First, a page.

Samoa is one of the many South Pacific island countries which have some of the highest obesity rates in the world. Food shortages have plagued the natives for centuries. As a result biological anthropologists have come to believe that Samoans are genetically programmed to store extra calories in fat tissue. Because this natural tendency produces a generally larger population, heavy men and women are simply the norm and therefore considered attractive in the culture. A far more recent reason for higher obesity rates can be traced back to country abandoning its traditional taro and fish diet culture after the Second World War in favor of highly processed, fatty foods imported from developed nations.
- South Africa
While South Africa may not figure among the ten most obese nations in the world, here too a history of economic deprivation, especially in the black population as a consequence of Apartheid, may have been responsible for equating large body sizes with material prosperity. Consequently overweight men and women have been considered attractive according to traditional norms of beauty. In recent times the negative implication of thin figures has further strengthened on account of the ravages caused by AIDS and famines in other African nations from where pictures of emaciated bodies bring the horror of economic and social calamity to full view.
Despite being one of the most accessible tropical destinations from the US, this Caribbean island still appears to be insulated from the slimming obsession that is so common in America’s popular culture. With nearly 65% of Jamaican women classified as obese, here the ideal female figure is a well-rounded one, with particular focus on generous hips and hindquarters, a condition known as steatopygia. A book by titled Sweetness of Fat4 relates how in the culture, heaviness with happiness, kindness and social harmony. In rural Jamaica at least, keeping slim has anti-social connotations so much so that thin people who are neither sick nor poor are seen as stingy and socially subversive even.
Like many other traditional cultures, in Fiji too ample body size is seen as a sign of material prosperity – people with more resources are naturally thought to command a larger food supply and thus more desirable in the social and sexual context. Apart from this, many of the social customs in Fiji revolve around the giving of food as a sign of prosperity which further encourage men and women to pile on weight.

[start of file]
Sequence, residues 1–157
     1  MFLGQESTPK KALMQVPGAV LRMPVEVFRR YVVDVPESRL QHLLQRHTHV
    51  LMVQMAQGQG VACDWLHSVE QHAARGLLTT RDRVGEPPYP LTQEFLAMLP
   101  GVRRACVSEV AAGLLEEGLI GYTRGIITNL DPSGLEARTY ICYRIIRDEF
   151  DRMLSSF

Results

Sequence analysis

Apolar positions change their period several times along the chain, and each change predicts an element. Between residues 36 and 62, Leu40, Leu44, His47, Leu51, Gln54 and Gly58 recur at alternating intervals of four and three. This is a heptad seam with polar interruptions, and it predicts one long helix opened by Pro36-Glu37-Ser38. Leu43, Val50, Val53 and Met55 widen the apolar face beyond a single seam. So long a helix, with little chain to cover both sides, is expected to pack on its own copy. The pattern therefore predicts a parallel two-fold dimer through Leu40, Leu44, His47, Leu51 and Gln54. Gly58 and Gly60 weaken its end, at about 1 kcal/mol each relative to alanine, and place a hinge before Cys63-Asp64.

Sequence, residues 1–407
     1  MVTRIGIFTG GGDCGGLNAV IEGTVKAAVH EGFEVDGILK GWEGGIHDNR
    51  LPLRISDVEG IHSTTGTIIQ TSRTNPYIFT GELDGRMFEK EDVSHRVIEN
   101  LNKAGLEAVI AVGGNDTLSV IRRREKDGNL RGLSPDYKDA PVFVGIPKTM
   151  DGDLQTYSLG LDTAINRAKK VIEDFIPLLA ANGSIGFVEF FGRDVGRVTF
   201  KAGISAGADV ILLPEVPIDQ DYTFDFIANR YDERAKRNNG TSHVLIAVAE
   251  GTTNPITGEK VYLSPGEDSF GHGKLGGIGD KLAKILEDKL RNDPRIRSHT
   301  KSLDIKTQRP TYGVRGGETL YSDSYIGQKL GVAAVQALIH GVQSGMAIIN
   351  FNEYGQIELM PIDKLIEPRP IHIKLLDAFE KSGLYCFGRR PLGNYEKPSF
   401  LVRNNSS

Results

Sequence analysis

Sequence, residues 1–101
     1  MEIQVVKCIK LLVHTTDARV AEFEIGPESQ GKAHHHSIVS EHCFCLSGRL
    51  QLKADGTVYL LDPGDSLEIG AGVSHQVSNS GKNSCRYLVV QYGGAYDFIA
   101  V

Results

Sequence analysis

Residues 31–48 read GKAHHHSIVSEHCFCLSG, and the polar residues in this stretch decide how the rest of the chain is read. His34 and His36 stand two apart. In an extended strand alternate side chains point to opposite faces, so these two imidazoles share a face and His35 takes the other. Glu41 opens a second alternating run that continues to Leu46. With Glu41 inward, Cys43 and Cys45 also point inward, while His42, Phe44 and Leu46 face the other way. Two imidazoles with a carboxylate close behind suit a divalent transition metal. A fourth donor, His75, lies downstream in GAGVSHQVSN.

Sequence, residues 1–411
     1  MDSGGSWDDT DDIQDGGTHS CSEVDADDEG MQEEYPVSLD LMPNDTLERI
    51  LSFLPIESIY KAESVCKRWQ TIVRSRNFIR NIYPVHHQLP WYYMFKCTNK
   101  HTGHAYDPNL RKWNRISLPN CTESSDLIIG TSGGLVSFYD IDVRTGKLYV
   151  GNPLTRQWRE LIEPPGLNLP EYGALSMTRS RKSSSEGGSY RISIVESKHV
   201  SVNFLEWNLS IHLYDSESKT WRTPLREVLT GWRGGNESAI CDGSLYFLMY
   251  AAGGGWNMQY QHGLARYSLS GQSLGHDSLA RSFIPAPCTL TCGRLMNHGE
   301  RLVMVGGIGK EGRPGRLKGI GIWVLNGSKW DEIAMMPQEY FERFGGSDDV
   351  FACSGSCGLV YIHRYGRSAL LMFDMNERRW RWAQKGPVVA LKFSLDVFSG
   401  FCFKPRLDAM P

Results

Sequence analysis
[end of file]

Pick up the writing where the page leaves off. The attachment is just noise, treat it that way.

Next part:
According to the 2007 Forbes List of the fattest nations in the world, eight out of the top ten countries belong to the South Pacific and the first country from another part of the world to figure on this list is Kuwait where 74.2 % of people are overweight. Apart from sedentary lifestyle and fatty diet, a cultural preference for rounded physique may also have played a part in the high percentage of people being overweight. Historically, the nomadic desert people of Kuwait came to prize fatness as a sign of health and wealth. This is a trend which clearly continues to this day to the extent that rich men choose large-sized wives as living and breathing symbol of their material opulence.
Another South Pacific country with one of the highest percentage of overweight population is Tonga where 90.8% of its men and women are overweight. According to several studies released in 2004 by the North American Association for the Study of Obesity, Tongans are genetically predisposed to be fat which added to the increasing adoption of Western diet and lifestyle and lesser reliance on agricultural, labor-intensive work has been responsible for making Tongans one of the fattest people in the world. Though village life and kinship ties remain influential throughout the country, an increasing number of people are moving into Nuku’alofa, the only urban and commercial center of the country and even emigrating to neighboring countries like New Zealand and Australia – all of which has led to significant changes in their traditional diet.
- World Health Organization - 10 facts on obesity
- BBC News - Mauritania's 'wife-fattening' farm
- World Health Organization - THE IMPACT OF CHRONIC DISEASE IN AFGHANISTAN [.PDF]
- Sobo, E. J. (1993) The Sweetness of Fat: Health, Procreation, and Sociability in Rural Jamaica